Walking Backwards to the Tropics
Richard Boada

He lies facedown on a white mattress,
a helix of stitching, jacquard and paisley,

with arms crisscrossed at the wrists. His neck
is as tight as a military officer’s in a pressed

and buttoned shirt.  In the dream he does not write
to her. There’s petroleum on his tongue possessing

his language.  He negotiates terms,
conditions for surrender, and some things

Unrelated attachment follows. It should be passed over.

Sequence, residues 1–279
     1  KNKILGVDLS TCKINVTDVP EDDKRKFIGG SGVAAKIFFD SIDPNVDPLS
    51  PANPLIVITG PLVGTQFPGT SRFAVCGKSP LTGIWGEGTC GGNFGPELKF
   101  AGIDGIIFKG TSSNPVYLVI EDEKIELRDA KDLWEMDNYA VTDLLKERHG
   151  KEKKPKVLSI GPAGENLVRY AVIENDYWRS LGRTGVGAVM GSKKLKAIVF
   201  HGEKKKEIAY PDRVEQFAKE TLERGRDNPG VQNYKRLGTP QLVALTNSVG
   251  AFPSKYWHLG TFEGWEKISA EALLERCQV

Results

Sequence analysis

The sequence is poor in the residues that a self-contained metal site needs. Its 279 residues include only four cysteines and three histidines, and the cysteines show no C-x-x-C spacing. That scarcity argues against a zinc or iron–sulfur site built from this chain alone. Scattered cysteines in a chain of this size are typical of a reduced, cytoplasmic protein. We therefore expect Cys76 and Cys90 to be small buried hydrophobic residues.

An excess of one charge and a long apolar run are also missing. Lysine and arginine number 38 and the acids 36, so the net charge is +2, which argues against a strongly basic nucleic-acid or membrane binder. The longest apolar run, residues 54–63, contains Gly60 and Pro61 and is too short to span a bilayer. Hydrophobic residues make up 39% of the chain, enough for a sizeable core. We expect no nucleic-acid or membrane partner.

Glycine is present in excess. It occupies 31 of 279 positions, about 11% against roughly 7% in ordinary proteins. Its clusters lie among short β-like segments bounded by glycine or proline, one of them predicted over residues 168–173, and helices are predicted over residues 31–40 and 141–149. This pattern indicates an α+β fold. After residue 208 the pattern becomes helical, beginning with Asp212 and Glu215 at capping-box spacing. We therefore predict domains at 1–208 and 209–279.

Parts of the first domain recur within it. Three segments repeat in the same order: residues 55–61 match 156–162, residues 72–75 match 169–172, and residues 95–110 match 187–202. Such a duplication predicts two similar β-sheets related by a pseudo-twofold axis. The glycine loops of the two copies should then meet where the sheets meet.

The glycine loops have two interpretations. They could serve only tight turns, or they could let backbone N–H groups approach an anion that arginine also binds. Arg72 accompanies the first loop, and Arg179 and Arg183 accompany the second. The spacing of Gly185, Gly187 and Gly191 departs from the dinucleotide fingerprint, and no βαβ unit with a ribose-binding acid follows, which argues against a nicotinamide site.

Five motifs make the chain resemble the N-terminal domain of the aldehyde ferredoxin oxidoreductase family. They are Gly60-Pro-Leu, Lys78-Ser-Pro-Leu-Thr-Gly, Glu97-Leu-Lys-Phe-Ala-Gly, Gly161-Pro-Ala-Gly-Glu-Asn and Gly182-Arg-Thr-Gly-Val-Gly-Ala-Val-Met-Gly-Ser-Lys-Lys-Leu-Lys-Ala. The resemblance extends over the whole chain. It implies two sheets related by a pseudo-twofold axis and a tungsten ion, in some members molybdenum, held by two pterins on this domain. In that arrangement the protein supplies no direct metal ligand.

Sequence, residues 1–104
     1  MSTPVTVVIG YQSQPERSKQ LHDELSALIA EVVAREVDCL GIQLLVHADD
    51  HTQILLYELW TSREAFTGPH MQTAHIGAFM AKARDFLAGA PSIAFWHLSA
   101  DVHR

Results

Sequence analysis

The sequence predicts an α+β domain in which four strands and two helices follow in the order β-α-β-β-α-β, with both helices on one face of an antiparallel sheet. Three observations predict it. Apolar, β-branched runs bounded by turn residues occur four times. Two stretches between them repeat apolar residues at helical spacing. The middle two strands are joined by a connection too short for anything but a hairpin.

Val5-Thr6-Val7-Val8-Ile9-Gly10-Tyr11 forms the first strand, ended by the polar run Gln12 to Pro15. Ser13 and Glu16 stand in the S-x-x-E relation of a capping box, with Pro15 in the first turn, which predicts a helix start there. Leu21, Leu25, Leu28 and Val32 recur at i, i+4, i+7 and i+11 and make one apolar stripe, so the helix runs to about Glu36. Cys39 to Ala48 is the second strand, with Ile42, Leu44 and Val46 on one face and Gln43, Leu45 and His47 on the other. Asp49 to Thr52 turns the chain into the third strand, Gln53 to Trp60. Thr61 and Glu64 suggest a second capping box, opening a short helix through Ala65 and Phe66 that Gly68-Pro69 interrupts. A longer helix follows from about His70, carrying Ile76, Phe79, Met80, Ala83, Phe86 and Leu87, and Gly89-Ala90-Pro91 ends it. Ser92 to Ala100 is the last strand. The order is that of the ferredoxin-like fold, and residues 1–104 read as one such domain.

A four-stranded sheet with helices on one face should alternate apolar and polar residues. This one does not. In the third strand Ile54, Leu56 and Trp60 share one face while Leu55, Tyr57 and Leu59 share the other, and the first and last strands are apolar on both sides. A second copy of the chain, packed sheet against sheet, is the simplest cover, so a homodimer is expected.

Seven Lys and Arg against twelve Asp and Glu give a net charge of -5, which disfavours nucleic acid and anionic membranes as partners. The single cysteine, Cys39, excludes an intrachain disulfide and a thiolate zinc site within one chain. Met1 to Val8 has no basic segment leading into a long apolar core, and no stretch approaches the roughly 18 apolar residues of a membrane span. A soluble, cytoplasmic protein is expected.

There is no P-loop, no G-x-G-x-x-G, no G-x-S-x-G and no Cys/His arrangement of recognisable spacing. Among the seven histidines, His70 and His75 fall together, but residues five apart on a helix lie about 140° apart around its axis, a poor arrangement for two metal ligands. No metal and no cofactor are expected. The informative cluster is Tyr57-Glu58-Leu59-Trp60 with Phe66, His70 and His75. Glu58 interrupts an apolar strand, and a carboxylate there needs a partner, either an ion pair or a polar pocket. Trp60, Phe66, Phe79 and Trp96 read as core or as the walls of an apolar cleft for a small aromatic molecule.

important to them before. But the colors in
his mind are lava, mint, and cadaver-skin

gray waiting for autopsy.  In the dream
he refuses her, but she’s a freighter

on an Andean highway twisting and
self-propelling toward the tropics. 

She’s a poet’s lyric stirring backwards
from the precipice, a crushed letter within

an envelope, a galaxy, a Bachata, and their bodies
were once continents scrambling against torsion.   

Originally appeared in Country Dog Review, 2012
and The Error of Nostalgia

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